The approach enable users to create generative AI images for commercial purposes while avoiding ownership or permissions issues that plagued previous iterations.
Adobe recently announced a new family of generative AI models called Firefly to help companies keep up with the demand for media content. Firefly will help creative professionals work more efficiently within their existing workflows, allowing them to produce content faster while eliminating tedious repetitive tasks, enabling creatives to focus on higher-value work.
Generative AI refers to artificial intelligence algorithms that are capable of creating or generating new content such as images, music, or text without direct human input. This type of AI is often used in creative industries, such as advertising and design, to aid in the content creation process.
The current version of Firefly is still in beta. Adobe will make it compatible with multiple browsers, though it is currently unavailable on tablets or mobile. General availability (GA) will arrive in Adobe Experience Manager, Express, Illustrator, and Photoshop.
According to an Adobe study, a majority of brands reported sharp increases in content demand, with two-thirds of brands expecting 5x growth over the next two years. Adobe is looking to Firefly to help companies work more efficiently within existing workflows. The end goal is a way to enable creators on the Firefly platform to monetize their talents using generative AI, similar to Adobe Stock and Behance.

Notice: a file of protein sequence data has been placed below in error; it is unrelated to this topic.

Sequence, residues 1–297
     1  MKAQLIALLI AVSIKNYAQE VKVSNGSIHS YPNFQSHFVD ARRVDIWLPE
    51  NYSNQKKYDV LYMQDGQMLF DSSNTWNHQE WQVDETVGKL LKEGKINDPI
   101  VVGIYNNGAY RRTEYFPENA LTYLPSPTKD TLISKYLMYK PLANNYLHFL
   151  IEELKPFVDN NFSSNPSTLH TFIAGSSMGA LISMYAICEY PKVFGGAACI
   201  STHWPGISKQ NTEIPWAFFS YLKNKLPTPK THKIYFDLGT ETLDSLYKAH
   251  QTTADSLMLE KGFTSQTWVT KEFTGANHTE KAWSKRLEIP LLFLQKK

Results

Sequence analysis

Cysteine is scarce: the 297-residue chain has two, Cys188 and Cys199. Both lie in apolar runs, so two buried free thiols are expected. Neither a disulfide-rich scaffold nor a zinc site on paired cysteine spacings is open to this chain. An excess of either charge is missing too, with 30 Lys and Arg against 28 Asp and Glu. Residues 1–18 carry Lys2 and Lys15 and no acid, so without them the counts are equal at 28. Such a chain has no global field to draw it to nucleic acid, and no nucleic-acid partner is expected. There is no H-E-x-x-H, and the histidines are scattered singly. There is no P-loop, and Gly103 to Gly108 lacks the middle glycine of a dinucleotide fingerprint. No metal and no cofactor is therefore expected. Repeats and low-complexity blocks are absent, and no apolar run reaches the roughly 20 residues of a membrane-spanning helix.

One big concern with this approach is responsible use. Firefly’s training data consists of only approved images. That is Adobe Stock images, as well as publicly licensed or public domain content– addressing concerns over fair use. These boundaries enable users to create generative AI images and text effects for commercial purposes while avoiding ownership or permissions issues that plagued previous iterations.
Firefly, like generative AI as a whole, is still in its infancy. It is clear that Adobe was not going to be left out of the AI race when it comes to image generation, and this debut follows in the footsteps of Adobe’s Sensei AI. However, like many other AI and machine learning implementations, Sensei AI computes in the background rather than interactively like generative AI, making Firefly the next step.